Sometimes the path is hard. It feels hard to put one foot in front of the other. The bushes along the path scratch up your arms and legs. You stumble and trip on the rocks on the path. You fall down and cry. You sit in the middle of the path, sobbing.

You also know that you must go on. You know that the path won’t always be so difficult and you must put one foot in front of the other and keep moving forward, even if you don’t progress for a while because you keep backtracking to see what exactly led you to this hard path. In the end, you’ll get there.


My planning is done. Everything is tidy. Our first day of school begins today. Grades 1, 4, and 10.

Last night was very hard. Parenting teenagers is not for the faint of heart. My first reaction is to cancel today and feel angry and sad about my plans being derailed. But I know my other children would be so upset to not begin, they are so looking forward to today. And I don’t want to wear the martyr hat. So, I remember I’m the captain of the boat and I put one foot in front of the other and navigate into unknown territory. I let go of expectations and just jump in and see where it goes.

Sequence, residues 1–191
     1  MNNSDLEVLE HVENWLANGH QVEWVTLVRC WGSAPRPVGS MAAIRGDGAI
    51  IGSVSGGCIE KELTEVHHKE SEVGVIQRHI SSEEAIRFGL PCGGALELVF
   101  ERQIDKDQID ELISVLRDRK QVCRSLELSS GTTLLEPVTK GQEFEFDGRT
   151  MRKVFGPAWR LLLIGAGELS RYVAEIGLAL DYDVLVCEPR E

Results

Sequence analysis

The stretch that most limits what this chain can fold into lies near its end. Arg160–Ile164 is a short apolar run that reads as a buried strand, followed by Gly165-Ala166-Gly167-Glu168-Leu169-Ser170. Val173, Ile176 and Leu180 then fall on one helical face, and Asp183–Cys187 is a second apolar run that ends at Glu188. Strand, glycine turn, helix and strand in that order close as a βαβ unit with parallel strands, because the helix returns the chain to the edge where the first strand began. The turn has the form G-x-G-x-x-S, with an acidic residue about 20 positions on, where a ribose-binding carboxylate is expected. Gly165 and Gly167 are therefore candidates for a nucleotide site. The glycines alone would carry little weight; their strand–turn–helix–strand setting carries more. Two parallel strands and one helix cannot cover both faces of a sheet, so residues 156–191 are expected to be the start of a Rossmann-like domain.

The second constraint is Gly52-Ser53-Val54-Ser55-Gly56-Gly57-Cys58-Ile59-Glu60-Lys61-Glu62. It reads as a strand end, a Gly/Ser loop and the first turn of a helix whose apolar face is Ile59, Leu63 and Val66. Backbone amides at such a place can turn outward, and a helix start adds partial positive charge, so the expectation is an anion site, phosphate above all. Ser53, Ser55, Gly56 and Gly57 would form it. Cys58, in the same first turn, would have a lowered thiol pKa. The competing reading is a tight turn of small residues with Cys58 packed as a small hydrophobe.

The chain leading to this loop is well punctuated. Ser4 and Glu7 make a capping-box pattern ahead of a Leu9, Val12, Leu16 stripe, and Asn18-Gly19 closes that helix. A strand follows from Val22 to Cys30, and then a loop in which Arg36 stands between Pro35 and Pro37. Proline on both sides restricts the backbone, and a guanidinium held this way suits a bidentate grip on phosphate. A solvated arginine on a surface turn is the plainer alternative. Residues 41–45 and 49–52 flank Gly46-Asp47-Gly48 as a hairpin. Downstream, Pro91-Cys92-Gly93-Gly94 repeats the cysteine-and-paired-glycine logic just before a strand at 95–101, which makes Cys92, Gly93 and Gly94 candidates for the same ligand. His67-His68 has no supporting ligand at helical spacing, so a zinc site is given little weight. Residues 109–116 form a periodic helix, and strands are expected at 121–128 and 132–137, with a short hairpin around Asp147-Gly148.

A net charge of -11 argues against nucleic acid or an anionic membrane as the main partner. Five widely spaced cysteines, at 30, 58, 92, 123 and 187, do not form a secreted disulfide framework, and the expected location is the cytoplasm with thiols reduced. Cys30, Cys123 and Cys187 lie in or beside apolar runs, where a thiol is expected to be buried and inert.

I’m sure tonight I’ll post plenty of pretty pictures that will make some out there feel less-than or jealous that I have it all together. This is why I’m sharing this blog post. I think sharing our struggles, the truth behind the pretty pictures, is a gift to others. We are all human. We all have our struggles and fall down on our face sometimes. It’s easy to pretend it’s all roses with the internet. But the truth is: life is hard sometimes. Parenting is hard sometimes. Mothering can sometimes makes you feel like your heart has been ripped out. We must endure and push forward. Feel it all, give ourselves a hug and keep putting our feet down for the next step. That’s all there is to do.